Advertising with Yahoo/BingOnline Advertising
By Melissa Luther
The Microsoft/Yahoo! merger deal recently received regulatory approval from both the U.S. and E.U., and they are moving forward with their search alliance. As a result, Bing will replace Yahoo’s search algorithm, and the Yahoo! Search Marketing platform will migrate to Microsoft’s adCenter. Essentially Microsoft will power the search technology for both companies, while Yahoo! focuses on users’ search experience.
What does this mean for your SEO and PPC advertising efforts? In theory, it should make your job a little easier, since you will have to deal with only two major search companies instead of three.
How Microsoft/Yahoo! Alliance Will Affect SEO
The search alliance should have no real effect on organic SEO. The search engines have always all used different algorithms, but good SEO translated across them and still should. Rankings may shift slightly, but that has always been true, even within the same search engine, as competitors change their SEO efforts or the engines tweak their algorithms.
Google still gets the vast majority of total searches anyway, 65 percent, according to an August 2009 study by Search Engine Watch. Unless a significant portion of your traffic has been coming from Yahoo!, you won’t need to alter your organic SEO efforts.
How Microsoft/Yahoo! Alliance Will Affect PPC Advertising
According to Search Alliance, the new service will provide better value to advertisers. The combined network will bring your message to more searchers across both Yahoo! and Microsoft sites, as well as both companies’ premium partner sites. The exception is display and content ads, which will remain separate.
The alliance also claims the service will be more “engaging and personalized” for consumers. Presumably, this will attract more searches, thus increasing your potential reach. Most likely, it will take time for any increased exposure to produce increased traffic.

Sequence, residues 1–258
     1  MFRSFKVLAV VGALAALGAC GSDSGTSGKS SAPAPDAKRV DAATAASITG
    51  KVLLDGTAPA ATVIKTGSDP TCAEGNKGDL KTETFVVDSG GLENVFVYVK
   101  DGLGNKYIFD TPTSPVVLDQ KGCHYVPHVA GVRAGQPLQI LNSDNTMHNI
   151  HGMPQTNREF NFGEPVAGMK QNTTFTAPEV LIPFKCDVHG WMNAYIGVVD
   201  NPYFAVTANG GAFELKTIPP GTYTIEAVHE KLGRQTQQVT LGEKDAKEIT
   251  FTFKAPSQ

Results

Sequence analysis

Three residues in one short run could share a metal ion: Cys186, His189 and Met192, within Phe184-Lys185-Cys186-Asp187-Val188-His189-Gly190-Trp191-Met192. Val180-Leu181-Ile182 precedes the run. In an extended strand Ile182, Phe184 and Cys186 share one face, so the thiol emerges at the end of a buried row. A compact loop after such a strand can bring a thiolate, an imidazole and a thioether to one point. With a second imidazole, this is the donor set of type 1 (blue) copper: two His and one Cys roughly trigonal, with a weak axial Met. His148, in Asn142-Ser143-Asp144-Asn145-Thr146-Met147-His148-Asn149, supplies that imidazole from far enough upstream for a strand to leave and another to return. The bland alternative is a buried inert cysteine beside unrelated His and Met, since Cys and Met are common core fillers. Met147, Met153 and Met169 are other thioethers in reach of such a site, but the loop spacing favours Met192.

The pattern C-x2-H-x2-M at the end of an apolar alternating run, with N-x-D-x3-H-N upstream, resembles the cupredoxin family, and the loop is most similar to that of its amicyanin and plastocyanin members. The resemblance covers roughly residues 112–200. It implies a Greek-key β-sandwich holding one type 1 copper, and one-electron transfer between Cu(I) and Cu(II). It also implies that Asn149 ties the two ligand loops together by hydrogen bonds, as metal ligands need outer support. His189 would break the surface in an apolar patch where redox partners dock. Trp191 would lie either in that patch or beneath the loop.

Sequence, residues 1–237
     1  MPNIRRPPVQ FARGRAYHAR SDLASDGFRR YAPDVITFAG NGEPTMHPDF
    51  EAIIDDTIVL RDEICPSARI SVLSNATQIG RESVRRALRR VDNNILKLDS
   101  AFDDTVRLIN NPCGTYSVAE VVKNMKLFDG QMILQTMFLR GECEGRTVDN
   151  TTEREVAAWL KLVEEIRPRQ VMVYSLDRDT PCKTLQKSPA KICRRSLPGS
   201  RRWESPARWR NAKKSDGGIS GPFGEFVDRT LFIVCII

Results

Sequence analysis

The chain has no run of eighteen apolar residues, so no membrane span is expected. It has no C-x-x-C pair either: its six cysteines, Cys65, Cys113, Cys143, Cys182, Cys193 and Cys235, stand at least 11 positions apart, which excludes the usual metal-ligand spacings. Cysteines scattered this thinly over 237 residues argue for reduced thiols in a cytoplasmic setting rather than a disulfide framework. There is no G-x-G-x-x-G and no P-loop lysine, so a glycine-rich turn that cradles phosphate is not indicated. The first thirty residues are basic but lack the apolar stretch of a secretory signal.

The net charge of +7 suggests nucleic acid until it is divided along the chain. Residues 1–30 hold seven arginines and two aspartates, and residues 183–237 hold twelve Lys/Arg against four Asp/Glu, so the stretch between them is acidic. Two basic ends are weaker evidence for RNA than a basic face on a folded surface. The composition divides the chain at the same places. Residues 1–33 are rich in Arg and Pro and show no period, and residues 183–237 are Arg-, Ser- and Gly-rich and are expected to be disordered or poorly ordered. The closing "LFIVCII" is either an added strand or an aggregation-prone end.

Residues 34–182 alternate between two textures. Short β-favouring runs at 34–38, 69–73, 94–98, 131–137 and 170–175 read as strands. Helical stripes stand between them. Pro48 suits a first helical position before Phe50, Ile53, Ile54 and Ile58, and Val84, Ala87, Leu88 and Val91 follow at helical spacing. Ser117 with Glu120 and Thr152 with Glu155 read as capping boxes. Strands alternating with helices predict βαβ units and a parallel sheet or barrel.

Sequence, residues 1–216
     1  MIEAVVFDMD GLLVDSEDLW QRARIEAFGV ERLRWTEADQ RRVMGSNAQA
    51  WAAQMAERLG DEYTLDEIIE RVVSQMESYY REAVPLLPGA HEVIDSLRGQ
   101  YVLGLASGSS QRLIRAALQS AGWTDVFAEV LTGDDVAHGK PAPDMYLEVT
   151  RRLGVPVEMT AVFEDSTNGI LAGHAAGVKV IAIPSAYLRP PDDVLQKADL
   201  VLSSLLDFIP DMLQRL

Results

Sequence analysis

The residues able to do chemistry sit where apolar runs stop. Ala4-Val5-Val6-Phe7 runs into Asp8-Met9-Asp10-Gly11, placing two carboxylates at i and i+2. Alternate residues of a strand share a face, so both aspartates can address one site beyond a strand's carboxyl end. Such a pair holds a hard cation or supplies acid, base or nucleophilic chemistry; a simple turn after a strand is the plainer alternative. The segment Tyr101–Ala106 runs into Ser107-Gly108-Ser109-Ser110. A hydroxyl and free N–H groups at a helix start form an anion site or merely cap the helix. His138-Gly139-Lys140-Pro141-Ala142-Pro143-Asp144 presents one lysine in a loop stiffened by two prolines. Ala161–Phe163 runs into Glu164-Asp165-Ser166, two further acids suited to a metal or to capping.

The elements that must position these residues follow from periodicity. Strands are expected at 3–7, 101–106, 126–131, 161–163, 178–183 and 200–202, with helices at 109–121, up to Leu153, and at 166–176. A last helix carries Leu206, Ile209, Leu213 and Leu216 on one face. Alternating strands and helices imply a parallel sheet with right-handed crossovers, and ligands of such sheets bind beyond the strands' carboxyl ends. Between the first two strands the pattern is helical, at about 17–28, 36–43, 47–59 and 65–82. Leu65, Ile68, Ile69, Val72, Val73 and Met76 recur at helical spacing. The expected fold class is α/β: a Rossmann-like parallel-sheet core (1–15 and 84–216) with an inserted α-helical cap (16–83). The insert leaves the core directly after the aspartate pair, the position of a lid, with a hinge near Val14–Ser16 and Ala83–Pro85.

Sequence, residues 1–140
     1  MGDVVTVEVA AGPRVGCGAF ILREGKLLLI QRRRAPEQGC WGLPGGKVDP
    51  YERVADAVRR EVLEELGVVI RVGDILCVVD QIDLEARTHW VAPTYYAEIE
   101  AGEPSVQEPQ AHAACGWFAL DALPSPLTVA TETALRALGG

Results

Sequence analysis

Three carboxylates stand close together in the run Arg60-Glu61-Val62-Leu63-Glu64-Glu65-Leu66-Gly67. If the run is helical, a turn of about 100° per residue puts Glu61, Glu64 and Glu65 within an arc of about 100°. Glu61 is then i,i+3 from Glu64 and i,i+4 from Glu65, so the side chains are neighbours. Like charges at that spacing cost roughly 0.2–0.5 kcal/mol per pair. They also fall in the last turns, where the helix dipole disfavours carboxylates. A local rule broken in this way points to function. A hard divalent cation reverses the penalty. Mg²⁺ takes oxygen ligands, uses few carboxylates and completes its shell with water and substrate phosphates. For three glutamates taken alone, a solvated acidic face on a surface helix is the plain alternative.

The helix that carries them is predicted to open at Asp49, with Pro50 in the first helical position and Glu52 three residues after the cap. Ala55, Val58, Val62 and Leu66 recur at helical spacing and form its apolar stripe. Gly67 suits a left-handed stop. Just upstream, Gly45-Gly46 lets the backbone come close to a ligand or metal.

And time will be the key. Google still has about 80 percent of the PPC market share, according to a March 2009 blog post by the Rimm-Kaufmann Group. That leaves 20 percent for the Search Alliance. Of course, if it can provide the better value and search experience that it’s promising, that share will grow. But it won’t happen overnight.
As far as your YSM or adCenter accounts go, the transition is supposed to be seamless to advertisers and partners, with no changes to accounts until late 2010 or even 2011. So at least for a few more months, you should be able to use them just as you always have. If you haven’t yet used adCenter, you might want to start, so that you will be ready when YSM goes away.
Eventually, customer support services will be split between the two companies. Yahoo! will provide support for high-volume agencies and resellers of PPC services, while Microsoft will serve the do-it-yourselfers, probably you.
The takeaway lesson: Prepare for change, but don’t expect it to happen quickly. Google won’t give up market share easily, and it will take time for both advertisers and consumers to decide if the joint network is really better.
About the Author
Melissa J. Luther, owner and founder of LookSee Information Solutions, LLC, helps small businesses create and maintain a strong Internet presence. She takes a multi-channel approach, with a well-optimized Web site as the center of an Internet presence that includes content creation, PPC advertising, linking and social media as appropriate.